preserve and had the opportunity to doent this one; the before and after
shots were quite different, as was the one taken about six weeks later which
showed the restoration)
Chris, That folded tattered and pencil marked photo is just excellent.
Really high marks for creativity and excecution. 10.0, 10.0, 10.0,
I think your image is just great. How did you get the plow to look like it does? Is that the result of sharpening or did you do something else? It has a "modern" look I've never seen first hand or in a photo.
Thanks but it's software that does it.Canon's Publishing Suite has a photo editor that gives the folded effect.The image was made this way:
2.Used Jodi's Summertime Fizz Style to lighten it.
3.Saved as JPEG then opened with Canon and used the Old Photo effect (the folds and some tatter, made it a little darker too.)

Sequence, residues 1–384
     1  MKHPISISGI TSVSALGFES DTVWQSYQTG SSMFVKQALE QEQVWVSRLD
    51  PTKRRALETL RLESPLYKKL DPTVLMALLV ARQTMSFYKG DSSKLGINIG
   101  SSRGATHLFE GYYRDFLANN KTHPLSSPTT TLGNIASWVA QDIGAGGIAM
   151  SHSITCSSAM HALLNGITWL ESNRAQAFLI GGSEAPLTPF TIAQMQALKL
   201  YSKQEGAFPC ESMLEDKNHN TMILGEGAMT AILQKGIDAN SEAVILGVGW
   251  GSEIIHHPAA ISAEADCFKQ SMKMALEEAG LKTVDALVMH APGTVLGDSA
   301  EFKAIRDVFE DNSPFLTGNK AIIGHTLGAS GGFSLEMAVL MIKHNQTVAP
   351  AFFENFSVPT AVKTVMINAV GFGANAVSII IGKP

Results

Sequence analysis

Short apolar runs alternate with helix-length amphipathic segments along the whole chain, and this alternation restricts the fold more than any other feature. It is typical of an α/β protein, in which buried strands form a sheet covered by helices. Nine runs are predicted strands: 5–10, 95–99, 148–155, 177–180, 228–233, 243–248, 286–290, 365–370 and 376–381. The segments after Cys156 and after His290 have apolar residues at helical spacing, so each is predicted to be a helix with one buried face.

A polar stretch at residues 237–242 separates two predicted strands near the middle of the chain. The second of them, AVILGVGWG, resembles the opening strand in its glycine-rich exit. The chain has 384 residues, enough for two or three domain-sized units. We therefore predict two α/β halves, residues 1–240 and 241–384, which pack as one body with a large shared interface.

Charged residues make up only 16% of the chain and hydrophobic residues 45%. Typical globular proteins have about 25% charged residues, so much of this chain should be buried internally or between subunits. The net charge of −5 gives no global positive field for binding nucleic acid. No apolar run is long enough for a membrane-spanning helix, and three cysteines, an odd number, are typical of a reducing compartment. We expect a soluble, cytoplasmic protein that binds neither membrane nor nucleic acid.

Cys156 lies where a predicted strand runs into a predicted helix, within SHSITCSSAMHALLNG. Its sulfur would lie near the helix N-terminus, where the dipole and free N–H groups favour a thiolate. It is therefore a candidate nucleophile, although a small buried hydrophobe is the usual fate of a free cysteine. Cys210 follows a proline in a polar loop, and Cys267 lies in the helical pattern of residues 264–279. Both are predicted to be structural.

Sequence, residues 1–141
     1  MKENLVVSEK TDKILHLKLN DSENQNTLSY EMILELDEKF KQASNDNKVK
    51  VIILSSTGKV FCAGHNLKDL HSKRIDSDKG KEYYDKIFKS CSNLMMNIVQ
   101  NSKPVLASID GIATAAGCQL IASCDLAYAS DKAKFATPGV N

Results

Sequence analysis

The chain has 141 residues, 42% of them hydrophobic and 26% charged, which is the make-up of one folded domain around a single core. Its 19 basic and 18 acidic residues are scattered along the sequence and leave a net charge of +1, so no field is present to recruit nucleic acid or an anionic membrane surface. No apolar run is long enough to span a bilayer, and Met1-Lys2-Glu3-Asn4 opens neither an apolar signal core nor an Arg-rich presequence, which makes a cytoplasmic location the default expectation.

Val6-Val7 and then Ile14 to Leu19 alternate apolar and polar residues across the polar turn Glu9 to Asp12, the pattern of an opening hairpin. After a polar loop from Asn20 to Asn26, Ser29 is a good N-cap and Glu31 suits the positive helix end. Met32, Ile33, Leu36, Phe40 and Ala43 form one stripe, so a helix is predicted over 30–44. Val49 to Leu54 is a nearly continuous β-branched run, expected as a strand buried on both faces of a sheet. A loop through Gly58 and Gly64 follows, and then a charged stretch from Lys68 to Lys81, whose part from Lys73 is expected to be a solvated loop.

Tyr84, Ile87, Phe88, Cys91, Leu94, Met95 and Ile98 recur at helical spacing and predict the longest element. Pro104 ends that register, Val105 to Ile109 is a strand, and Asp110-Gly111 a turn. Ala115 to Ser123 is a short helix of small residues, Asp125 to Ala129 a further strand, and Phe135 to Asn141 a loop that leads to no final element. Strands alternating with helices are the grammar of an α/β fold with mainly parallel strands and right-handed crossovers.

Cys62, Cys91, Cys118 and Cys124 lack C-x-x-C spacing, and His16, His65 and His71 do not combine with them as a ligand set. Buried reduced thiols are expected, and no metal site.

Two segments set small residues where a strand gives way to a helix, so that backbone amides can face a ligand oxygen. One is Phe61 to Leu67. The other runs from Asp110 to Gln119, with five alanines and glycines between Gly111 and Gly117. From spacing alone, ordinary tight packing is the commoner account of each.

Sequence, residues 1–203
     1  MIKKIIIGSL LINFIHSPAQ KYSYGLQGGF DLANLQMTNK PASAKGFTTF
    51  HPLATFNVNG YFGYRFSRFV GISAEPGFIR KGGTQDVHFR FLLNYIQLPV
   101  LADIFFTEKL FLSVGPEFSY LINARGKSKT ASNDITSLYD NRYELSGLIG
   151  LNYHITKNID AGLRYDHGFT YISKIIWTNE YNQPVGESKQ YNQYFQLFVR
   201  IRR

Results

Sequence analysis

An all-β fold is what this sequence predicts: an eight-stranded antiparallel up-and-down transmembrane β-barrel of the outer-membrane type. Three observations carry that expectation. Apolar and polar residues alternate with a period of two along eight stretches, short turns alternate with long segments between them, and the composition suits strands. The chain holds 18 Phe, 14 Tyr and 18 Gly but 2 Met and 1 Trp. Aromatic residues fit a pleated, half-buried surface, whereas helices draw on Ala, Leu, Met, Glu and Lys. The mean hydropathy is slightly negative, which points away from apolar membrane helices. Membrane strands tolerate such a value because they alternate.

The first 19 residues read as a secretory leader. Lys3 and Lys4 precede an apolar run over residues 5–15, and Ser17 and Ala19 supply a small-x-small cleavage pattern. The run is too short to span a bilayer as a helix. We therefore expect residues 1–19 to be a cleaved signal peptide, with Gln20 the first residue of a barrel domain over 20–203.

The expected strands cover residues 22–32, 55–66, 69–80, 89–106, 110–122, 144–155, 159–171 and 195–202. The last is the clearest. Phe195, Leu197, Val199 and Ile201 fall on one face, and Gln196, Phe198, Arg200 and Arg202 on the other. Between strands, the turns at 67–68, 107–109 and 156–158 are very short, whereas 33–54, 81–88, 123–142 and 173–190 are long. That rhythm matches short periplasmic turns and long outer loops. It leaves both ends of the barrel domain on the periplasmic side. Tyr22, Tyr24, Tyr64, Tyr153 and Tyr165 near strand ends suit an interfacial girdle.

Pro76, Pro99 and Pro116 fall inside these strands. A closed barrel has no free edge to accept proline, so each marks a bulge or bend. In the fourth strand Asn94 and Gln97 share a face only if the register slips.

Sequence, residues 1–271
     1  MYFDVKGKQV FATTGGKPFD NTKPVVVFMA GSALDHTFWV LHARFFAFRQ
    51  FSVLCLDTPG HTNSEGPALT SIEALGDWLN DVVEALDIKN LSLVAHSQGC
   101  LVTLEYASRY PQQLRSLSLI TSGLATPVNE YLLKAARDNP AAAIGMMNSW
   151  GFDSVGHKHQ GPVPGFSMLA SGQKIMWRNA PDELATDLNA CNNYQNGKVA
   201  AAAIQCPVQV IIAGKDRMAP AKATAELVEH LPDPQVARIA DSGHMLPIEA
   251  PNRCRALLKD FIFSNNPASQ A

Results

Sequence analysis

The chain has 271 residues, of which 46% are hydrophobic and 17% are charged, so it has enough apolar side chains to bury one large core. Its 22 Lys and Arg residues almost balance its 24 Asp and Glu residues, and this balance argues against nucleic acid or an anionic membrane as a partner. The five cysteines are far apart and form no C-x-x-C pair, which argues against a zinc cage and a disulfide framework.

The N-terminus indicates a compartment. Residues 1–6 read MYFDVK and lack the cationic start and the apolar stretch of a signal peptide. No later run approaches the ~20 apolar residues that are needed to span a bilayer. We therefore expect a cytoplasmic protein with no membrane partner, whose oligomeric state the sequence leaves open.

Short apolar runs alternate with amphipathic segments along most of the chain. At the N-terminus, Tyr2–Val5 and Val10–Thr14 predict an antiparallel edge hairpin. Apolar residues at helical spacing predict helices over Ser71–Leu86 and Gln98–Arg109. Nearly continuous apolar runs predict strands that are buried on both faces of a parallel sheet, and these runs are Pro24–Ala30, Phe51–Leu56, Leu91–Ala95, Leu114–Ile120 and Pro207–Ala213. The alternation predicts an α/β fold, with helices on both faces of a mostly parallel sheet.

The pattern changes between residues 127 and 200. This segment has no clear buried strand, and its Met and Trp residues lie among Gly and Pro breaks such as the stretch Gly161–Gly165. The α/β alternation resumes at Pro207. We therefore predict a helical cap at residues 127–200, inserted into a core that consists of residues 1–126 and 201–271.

Opened this as a seperate window in PSE and copied the image as a layer back above #2.
4. Adjusted the transparency down about 15% to lighten it then used Jodi's B&W layer style to get what I got. Added some stray doodles trying for a cracked look but looked more like scratches or pencil marks after I SFW'd.
But still, Thanks.
Images go from Charming to Eerie to downright Scarry. What an assortment!
Bob W...Reserve that cottage for me for September 2nd.
Chuck...The antique topped off the deserted house. I was going to call it a plow or tiller, probably pulled by a man with a mule.
Dave...I like your addition of the Rhino, or is that a Hippo, Hmmmm
Jodi...The morning fog is so real I can smell it.
Juergen...Fascinating Colors! By the way, how in blazes do you pronounce your name.
I've been saying Jurgen (sp?) like the Hand Lotion.
Marilyn...The kids certainly seem to fit that place.
Nancy...Giggle, giggle or should I be saying gurgle gurgle.
Patty...Are those Samoyed pups? So Cute!